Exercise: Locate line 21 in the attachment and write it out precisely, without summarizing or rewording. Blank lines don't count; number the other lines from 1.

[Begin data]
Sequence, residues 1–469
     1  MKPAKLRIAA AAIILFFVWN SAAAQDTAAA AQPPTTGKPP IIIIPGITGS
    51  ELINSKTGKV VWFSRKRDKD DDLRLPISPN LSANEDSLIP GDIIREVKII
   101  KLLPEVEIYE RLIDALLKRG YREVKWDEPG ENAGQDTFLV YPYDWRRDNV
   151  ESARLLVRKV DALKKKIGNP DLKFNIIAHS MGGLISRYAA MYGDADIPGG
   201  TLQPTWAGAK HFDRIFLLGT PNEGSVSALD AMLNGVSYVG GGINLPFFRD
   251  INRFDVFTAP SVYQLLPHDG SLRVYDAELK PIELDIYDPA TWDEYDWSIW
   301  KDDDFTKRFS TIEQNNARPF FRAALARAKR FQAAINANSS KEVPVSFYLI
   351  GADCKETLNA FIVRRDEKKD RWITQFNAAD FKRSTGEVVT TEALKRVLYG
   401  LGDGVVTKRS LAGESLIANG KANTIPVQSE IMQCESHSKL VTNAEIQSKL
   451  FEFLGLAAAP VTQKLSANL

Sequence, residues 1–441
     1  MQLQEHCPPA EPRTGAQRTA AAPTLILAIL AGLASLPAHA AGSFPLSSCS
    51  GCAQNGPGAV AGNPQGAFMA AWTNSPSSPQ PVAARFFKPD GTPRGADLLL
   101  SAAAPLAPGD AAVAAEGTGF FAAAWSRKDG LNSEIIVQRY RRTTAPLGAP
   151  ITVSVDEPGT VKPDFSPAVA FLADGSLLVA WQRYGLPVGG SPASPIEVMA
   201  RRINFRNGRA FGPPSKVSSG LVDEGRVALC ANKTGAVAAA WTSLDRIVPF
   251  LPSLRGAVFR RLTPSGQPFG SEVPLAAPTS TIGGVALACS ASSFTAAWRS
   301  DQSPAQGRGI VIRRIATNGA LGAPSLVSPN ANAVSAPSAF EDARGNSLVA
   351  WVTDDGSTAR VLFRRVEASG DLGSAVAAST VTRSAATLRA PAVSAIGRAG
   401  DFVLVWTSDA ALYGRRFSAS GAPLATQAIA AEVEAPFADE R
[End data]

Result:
   401  DFVLVWTSDA ALYGRRFSAS GAPLATQAIA AEVEAPFADE R